(Español) According to officials from the Office of Refugee Resettlement, families separated at the border under the Trump administration’s zero tolerance policy could have to wait up to two years before being reunited. The administration officials detailed their plan to the public for the first time at the beginning of April 2019, in documents filed with the federal court ordering the administration to begin reuniting the families. This filing comes a year after the administration’s wildly unpopular zero tolerance policy which eventually led to a judge ordering the reunion of these families. Amidst the uproar of the original policy, an independent watchdog group released a report in January stating thousands more families could have been separated than previously reported by officials. This among revelations the federal government had been separating families at the southern border as far back as July 1, 2017, months before the official announcement of the zero-tolerance policy.
Given the judge’s order, the government now faces a logistical nightmare in complying. Among the issues facing officials, all the children from the group of separated families have been released from government custody, Customs and Border Patrol agents did not begin tracking separated families in a searchable database until mid-April 2018, and there are over 50,000 case files officials would have to search through. As such, officials say they would need between 12 and 24 months to reunite families.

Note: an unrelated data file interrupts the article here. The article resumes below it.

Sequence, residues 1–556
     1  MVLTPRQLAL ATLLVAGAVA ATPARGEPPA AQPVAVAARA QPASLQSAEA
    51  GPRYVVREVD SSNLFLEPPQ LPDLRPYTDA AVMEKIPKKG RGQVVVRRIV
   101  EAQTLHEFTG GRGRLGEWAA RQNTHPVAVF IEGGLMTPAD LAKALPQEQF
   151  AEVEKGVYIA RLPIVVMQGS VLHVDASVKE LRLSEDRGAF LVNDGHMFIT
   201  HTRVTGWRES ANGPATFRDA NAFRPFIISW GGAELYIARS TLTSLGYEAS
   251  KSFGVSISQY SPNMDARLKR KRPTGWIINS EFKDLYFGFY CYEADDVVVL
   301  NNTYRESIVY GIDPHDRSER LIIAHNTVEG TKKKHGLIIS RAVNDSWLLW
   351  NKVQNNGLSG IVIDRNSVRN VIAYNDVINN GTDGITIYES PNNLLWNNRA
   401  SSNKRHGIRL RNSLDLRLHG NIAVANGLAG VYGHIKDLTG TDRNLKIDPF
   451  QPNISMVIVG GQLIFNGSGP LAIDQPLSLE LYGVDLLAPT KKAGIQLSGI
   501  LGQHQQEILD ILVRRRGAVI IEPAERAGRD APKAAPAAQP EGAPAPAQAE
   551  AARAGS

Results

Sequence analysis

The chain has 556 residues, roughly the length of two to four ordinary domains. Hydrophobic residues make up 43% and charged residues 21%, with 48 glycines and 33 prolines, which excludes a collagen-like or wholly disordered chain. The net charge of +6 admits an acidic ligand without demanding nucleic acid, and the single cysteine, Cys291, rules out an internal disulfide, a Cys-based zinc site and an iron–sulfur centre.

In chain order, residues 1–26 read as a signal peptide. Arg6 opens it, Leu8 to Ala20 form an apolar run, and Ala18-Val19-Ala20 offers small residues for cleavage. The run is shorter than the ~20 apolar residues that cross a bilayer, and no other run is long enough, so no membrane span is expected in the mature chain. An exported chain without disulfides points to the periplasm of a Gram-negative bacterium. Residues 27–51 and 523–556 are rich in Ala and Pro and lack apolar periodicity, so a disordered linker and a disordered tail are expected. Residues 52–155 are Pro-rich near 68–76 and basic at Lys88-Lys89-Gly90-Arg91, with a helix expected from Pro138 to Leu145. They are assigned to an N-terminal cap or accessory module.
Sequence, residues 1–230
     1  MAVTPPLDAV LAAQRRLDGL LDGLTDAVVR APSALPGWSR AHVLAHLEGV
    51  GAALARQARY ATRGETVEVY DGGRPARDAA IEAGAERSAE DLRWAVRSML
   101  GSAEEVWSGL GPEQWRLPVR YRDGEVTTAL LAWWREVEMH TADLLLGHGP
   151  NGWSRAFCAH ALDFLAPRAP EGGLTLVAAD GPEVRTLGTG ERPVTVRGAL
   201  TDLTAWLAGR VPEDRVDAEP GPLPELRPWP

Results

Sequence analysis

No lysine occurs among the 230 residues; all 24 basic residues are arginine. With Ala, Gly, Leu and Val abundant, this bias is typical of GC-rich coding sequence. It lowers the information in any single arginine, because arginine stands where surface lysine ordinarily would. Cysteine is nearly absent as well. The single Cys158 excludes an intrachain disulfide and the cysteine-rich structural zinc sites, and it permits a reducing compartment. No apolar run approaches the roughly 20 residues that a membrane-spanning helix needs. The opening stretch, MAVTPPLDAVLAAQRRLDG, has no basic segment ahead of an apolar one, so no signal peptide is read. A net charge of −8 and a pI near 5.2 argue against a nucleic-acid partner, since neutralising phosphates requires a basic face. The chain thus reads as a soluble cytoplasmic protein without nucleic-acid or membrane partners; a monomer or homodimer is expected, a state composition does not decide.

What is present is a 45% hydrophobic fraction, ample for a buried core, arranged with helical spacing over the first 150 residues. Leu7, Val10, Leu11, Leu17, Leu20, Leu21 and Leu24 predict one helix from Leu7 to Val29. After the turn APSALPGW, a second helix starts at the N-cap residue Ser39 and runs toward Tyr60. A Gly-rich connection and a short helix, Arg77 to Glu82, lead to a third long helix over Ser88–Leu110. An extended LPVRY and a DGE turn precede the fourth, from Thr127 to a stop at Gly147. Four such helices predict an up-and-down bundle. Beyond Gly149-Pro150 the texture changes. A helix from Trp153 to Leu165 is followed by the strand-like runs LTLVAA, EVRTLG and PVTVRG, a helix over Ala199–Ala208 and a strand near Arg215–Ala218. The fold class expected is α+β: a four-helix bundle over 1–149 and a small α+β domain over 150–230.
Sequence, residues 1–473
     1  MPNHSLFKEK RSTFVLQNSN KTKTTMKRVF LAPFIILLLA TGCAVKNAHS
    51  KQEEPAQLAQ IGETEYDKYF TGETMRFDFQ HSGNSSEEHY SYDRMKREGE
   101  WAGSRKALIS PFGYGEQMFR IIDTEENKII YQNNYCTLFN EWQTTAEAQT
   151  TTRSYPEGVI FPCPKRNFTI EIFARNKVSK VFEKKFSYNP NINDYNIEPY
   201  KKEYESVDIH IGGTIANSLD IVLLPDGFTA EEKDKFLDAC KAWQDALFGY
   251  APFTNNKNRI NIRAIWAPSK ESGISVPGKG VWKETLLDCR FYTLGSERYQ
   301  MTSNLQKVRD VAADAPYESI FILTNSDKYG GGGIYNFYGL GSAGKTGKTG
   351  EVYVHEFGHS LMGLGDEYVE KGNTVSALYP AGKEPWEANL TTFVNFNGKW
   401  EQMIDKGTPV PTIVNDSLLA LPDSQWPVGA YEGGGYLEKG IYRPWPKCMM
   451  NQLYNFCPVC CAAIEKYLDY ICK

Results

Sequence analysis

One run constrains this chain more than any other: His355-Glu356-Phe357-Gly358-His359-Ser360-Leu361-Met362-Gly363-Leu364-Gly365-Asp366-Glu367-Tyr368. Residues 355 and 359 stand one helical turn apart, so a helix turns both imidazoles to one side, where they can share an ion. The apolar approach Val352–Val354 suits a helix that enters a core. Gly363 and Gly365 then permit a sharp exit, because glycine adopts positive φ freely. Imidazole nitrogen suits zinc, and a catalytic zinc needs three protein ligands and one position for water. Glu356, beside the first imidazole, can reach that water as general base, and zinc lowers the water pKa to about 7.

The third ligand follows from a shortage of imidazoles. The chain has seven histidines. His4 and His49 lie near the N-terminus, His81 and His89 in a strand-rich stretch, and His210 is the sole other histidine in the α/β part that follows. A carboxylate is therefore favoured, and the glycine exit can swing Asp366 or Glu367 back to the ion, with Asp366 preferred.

The American Civil Liberties Union was quick to denounce this timeframe as unacceptable, as they note “the government was able to quickly gather resources to tear these children away from their families and now they need to gather the resources to fix the damage.” This has prompted a lawsuit filed by a Congolese woman and her 7-year old daughter in 2018, which has been expanded to become a class-action lawsuit against the government. Even with the expansion into class-action status, federal judges have expanded the class even further to include families separated prior to the official start of the zero-tolerance policy.